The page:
BusinesssendingThere

There’s an ETF sending one market haywire. A hedge-fund pro says bitcoin-like gains may come next.

We’ll take a break from the is-bad-news-on-economy-good-news-for-the-stock market discussion, to take a look at a commodities market skyrocketing in recent weeks — uranium.

Uranium futures topped $40 per pound on Tuesday for the first time in six years, and have surged 33% since mid-August. That’s propelled other uranium plays, such as Canadian producer Cameco
CCJ,
-1.40%
,
and the Global X Uranium ETF
URA,
-2.40%
,
which invests in uranium miners and other nuclear component producers.

im 397406?width=700&height=466

Uranium futures have surged since mid-August.


FactSet

Harris Kupperman, the president of hedge fund Praetorian Capital, said what’s happening is that one exchange-traded fund, the Sprott Physical Uranium Trust , is now buying uranium to store it — basically, to keep it out of the hands of the nuclear power plant operators who need it. “It’s just going Pac-Man on all the physical uranium,” Kupperman told the financial website RealVision. He likened what’s happened with uranium with what has happened to bitcoin
BTCUSD,
-1.06%

after the Grayscale Bitcoin Trust
GBTC,
-1.85%

started buying the virtual currency.

“It’s this reflexive feedback loop, it feels Soros reflexivity, where the other trust raises capital, it has to buy more uranium, the price of uranium goes up, it brings in more speculators, issues more shares to buy more uranium, just keeps going in a good way,” he said.

Can’t the producers just produce more? The Doomberg blog unearthed this global cost curve, from Uranium Energy Corp.
UEC,
-5.59%
,
that suggests that, as of mid-August, nearly half of producers weren’t making any money.

im 397409?width=700&height=516

Prices still have a way to go to change the investment decisions made by the producers. Kupperman said the marginal cost to produce uranium is as high as $70 per pound. “They’re not going to turn the mines back on anytime soon,” he said.

Sometimes squeezes work out, and sometimes they don’t, as one observer on Twitter colorfully put it.

The buzz

Speaking of short squeezes, videogame retailer GameStop
GME,
-2.67%

reports results after the closing bell.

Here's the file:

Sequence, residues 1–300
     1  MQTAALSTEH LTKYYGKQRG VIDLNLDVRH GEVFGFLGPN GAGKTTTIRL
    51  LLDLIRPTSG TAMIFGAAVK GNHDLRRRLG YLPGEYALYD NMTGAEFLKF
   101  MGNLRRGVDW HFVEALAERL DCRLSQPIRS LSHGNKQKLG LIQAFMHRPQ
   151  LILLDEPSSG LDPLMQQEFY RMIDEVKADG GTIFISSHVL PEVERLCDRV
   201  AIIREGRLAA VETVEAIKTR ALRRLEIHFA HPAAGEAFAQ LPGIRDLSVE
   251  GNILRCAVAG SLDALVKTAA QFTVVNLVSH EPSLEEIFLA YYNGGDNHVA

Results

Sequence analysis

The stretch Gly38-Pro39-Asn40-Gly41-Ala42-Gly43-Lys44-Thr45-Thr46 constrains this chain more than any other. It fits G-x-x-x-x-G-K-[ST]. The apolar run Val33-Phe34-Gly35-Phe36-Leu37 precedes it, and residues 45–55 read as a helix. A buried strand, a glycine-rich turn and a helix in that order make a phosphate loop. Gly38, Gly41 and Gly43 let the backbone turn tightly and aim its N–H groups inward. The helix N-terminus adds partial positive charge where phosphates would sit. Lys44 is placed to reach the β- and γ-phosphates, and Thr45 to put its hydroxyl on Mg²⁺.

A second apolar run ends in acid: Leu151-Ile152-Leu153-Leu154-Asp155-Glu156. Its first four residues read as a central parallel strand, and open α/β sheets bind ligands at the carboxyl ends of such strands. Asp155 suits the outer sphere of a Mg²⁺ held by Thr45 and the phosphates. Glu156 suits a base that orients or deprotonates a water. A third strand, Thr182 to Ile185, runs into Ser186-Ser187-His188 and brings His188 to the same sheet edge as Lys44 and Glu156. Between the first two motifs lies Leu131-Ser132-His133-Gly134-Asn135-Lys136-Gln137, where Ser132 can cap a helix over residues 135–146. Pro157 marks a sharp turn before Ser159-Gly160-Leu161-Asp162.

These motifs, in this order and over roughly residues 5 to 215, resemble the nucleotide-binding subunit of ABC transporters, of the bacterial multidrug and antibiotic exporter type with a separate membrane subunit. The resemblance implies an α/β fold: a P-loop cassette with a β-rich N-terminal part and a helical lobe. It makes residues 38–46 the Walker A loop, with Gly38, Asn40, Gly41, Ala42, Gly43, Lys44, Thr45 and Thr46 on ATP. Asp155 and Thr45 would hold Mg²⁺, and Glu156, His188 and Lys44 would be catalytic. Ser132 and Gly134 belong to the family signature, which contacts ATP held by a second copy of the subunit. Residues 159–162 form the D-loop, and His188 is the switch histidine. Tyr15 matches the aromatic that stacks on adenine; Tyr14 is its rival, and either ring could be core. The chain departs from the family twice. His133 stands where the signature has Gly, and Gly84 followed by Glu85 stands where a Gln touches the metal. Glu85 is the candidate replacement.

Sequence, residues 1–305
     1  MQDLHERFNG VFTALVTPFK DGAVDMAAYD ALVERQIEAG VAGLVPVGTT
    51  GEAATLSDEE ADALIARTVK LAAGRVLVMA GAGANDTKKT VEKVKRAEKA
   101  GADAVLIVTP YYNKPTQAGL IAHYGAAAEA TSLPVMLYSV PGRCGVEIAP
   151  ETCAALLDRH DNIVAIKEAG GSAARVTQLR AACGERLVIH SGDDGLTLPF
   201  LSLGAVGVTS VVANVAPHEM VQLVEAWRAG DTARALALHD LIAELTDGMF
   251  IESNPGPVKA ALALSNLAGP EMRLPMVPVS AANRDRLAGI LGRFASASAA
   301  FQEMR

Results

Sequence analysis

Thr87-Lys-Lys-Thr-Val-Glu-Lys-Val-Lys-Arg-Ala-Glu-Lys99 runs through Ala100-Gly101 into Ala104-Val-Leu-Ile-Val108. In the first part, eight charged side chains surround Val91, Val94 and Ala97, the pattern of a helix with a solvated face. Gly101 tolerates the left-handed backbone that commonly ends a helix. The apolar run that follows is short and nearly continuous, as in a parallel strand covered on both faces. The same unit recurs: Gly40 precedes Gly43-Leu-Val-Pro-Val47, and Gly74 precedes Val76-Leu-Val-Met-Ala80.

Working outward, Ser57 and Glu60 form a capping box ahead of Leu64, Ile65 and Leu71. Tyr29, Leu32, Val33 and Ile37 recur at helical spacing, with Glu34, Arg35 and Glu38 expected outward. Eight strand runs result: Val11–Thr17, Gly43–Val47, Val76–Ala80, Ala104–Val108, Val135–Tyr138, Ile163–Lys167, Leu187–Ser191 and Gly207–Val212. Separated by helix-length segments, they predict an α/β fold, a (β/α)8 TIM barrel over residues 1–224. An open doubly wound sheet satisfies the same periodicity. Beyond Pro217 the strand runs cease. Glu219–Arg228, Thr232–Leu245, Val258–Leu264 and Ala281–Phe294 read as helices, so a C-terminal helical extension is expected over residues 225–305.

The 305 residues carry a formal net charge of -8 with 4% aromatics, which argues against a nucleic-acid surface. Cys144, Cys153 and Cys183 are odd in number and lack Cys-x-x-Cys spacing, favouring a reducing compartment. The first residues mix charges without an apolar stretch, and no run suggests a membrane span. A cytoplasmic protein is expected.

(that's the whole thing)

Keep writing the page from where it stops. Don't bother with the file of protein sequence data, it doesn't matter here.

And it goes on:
Job openings, the Federal Reserve’s Beige Book of economic anecdotes and consumer credit data are due for release.

St. Louis Fed President James Bullard says he wants the central bank to reduce bond buying despite the slowdown in U.S. jobs growth.

Dallas Fed President Robert Kaplan was an active buyer and seller of stocks last year, The Wall Street Journal reported, citing a financial disclosure form.

Activist hedge fund Elliott Management has taken a more than $1 billion stake in Citrix Systems
CTXS,
+3.81%

and is pressing for changes, according to a report in The Wall Street Journal.

French pharmaceutical Sanofi
SNY,
-2.52%

agreed to buy biopharmaceutical Kadmon Holdings
KDMN,
+72.64%

for $1.9 billion, or $9.50 per share.

Chinese electric-car maker NIO
NIO,
-6.50%

announced plans to issue up to $2 billion in shares.

The market

U.S. stock futures
ES00,
-0.20%

NQ00,
-0.53%

were pointing lower after a mixed end to Tuesday’s trade. The yield on the 10-year Treasury
TMUBMUSD10Y,
1.354%

was 1.35%, and gold
GC00,
-0.21%

was trading right around $1,800 per ounce.

The tweet

John Hempton, the founder of hedge fund Bronte Capital, was unsparing in his criticism of Coinbase
COIN,
-2.14%

CEO Brian Armstrong, who tweeted his surprise that allowing crypto customers to lend their assets, in return for yield, would be considered a security by the Securities and Exchange Commission.

Random reads

From emerging to submerging — Pakistan has been downgraded to frontier market.

Animals are shapeshifting in response to climate change.

The BBC examines the science behind frozen ramen.

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